Keeping your wolf spider outside is ill-advised and will lead to problems such as dehydration and desiccation, overexposure to light and inclement weather.

Warning NOTES: If you intend to keep this animal outdoors, be sure that no aerosol pesticides are being used in your area as this will be a significant hazard to your wolf spider.

Wolf Spider Exhibit:

The theme, furniture and style of the Exhibit are limited only by your imagination. The best practice is to work out your target demographic adults may spend a little longer hunting for an animal in an exhibit than children.

Are you going for a natural setting or a themed exhibit, followed by your particular species and natural habitat? A more extended exhibit is more desirable. This allows the animal to roam. It would naturally enable the public to view the spider without wandering too far or deeply into the Exhibit itself and becoming lost to the viewing eye. For species such as L. godeffroyi who like to burrow, a pre-made burrow placed at the front of the Exhibit against the glass allows the spider to be easily located even when it’s underground and hiding.

An LED red light can also be placed down the burrow to illuminate the spider without disturbing it. This method allows you to successfully view your animal in either a natural day or reverse cycle lit room, such as a nocturnal house. Substrates should be natural soil and sand blends (thoroughly cleaned and free of chemicals), as found in the bush, this allows the animal to dig should it wish to.

To avoid escapes and undesired burrows occurring in your Exhibit, a solid inner mould and pre-made hole are perfect with a thin layer (2-3cm) of the substrate over the top, if the animal burrows down they will hit the solid layer and be guided to the area in which you would prefer it to burrow (keepers can easily cover over this).

To make it all visually flow, the mold can either be made with non-toxic paint in the mix before drying (this is ideal as any scratches or chips, later on, don’t show) or painted the appropriate color when dried.

Once the Exhibit is made, furnishing is simple; dried leaves and plant matter, a few bark pieces, branches, a small buried bowl of water (with cotton wool, etc., to prevent drowning) and an optional plant two if desired. Modifications can be made along the way according to your tastes or the animal’s requirements whilst on Exhibit

Warning NOTES: Ensure that you thoroughly clean the entire Exhibit and furniture, thus removing any substances or chemicals used during construction. The last thing you want to have occurred is to produce a beautiful exhibit only to have your specimen die from residual poisoning. Another thing to be cautious of is over misting the Exhibit.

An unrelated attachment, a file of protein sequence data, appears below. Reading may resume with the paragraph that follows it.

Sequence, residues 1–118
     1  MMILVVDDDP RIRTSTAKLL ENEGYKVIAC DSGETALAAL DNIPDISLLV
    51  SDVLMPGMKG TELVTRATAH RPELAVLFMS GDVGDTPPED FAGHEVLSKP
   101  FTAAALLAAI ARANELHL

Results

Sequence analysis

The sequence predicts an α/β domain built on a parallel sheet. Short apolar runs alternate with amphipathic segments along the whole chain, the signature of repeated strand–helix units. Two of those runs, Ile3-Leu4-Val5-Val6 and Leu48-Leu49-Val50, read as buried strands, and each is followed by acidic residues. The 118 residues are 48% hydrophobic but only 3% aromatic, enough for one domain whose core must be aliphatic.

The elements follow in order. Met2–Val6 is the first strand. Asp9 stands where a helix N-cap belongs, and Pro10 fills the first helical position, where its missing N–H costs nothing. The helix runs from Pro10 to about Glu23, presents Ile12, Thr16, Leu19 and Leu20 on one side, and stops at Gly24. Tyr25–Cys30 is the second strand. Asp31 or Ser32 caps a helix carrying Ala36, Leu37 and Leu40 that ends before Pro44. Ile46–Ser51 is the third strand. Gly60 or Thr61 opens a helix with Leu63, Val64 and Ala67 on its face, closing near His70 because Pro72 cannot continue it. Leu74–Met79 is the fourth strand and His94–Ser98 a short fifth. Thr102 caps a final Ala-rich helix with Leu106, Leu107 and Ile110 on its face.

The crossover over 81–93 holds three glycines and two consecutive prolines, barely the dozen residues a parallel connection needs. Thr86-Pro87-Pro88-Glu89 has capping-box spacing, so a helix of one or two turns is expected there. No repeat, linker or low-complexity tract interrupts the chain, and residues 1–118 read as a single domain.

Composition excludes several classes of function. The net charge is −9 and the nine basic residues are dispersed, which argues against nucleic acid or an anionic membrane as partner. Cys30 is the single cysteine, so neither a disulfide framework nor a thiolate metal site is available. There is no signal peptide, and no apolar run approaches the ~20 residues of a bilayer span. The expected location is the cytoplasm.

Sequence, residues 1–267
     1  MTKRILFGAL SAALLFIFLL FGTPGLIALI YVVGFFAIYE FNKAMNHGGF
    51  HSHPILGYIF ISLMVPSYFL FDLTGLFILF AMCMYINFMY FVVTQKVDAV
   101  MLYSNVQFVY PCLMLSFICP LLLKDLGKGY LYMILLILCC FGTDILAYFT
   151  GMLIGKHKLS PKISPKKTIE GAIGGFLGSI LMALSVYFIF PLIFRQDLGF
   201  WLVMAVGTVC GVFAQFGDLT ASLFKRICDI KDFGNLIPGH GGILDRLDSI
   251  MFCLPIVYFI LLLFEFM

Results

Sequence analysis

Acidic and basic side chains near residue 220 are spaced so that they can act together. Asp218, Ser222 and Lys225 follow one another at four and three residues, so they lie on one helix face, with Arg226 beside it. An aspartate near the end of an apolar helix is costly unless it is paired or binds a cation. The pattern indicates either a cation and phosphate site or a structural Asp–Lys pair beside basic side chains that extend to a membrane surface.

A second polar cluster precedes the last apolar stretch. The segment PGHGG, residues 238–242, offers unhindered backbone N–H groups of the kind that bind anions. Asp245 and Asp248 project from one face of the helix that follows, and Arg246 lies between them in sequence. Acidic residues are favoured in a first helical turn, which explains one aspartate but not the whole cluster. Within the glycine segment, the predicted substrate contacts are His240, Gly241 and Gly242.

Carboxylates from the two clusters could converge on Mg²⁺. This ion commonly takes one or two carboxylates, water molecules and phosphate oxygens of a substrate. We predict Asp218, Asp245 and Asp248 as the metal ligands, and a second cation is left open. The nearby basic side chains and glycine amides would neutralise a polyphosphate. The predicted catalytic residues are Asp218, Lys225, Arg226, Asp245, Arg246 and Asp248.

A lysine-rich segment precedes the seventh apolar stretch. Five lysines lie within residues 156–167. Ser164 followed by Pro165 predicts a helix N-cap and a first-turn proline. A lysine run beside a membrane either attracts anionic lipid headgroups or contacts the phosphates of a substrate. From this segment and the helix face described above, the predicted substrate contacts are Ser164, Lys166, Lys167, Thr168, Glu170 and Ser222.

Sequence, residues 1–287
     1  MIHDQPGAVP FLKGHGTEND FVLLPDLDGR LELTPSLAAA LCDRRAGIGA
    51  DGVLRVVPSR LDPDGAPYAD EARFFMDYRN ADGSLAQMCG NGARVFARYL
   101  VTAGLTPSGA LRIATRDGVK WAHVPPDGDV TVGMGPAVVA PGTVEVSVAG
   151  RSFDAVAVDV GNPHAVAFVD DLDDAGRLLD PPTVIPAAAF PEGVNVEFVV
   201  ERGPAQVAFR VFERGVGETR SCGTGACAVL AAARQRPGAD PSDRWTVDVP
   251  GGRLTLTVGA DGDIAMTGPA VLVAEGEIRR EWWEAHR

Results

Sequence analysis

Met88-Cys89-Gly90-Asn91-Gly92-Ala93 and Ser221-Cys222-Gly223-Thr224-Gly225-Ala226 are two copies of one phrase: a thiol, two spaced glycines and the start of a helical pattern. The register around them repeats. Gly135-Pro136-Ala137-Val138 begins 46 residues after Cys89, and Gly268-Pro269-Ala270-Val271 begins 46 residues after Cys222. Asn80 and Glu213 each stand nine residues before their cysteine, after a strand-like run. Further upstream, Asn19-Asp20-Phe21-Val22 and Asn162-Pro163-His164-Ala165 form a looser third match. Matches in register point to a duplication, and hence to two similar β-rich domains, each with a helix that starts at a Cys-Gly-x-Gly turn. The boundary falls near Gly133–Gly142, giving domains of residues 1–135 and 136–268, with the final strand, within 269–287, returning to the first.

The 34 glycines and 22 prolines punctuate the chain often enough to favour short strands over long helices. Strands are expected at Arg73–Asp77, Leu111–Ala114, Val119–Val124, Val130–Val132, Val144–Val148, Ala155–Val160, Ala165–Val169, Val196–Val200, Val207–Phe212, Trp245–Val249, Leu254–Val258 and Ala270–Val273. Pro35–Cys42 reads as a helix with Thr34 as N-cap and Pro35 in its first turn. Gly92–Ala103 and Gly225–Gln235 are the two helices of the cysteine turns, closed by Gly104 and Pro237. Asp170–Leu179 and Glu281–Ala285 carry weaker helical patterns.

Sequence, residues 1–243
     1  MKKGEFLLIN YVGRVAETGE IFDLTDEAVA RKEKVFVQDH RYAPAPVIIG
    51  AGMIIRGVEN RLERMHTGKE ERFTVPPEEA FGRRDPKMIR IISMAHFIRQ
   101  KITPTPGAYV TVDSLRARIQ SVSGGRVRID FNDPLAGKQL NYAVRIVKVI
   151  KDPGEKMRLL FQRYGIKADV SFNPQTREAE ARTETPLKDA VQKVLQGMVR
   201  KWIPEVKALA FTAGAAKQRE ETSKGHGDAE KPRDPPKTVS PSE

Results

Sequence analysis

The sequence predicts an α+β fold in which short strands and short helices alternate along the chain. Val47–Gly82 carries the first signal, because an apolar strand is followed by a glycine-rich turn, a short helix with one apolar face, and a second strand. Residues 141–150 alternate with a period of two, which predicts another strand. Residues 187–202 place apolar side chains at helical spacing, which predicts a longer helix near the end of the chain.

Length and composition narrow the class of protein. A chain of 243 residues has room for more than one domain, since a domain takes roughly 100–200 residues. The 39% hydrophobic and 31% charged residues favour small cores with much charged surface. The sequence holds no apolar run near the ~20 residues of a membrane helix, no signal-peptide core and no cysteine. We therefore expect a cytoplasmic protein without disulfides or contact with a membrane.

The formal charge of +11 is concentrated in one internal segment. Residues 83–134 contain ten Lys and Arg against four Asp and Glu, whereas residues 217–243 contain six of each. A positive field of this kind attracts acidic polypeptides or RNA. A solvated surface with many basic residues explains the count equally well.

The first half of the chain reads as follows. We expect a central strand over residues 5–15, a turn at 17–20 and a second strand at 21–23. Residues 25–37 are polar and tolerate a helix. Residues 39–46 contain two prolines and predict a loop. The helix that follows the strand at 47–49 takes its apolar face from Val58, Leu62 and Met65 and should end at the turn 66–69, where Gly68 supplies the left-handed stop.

Despite living in a variety of habitats, too much moisture or humidity is not suitable for them. If a water source is present, only infrequent misting is required.

Cage cards and record sheets on exhibit doors eliminate any doubt or confusion in husbandry matters when more than one keeper is servicing the animal. It may seem to be a waste of time for an invertebrate, but when used properly, I find it to be indispensable.

Do Wolf Spiders Jump at You?

While hunting, the wolf spider often bounces on its prey. The distance of wolf spider jumping depends upon its size and breed. Fortunately, they are not satisfied with humans.

Although wolf spiders are fascinating creatures, it is not suitable for these predatory spiders to roam around your house.

Here are Some More Interesting Facts You Can Know and Enjoy.

  • The wolf spiders are likely to set up a burrow in the yard that feels like nature. If you keep trimming your lawn, along with leaves raking and plucking weeds, then you will have fewer wolf spiders in your backyard.
  • Wolf spiders are drawn to moist areas. If you have a leaking spot, a gutter system, or rainwater catching, you will attract these spiders inwards. Less population of spiders near your outer walls means less chance of an unwanted attack/invasion.
  • The wolf spider often exploits holes made by other insects. You must regularly inspect your exterior walls and foundation and seal any entry points you find.

Final Thoughts:

Wolf spiders are very docile and unique species of spiders of multiple sizes. They are best to keep as pets because they are non-venomous/poisonous. They often live in the dark and do not make any nests. They are the best for those pet parents who require low maintenance pets.

Recent Posts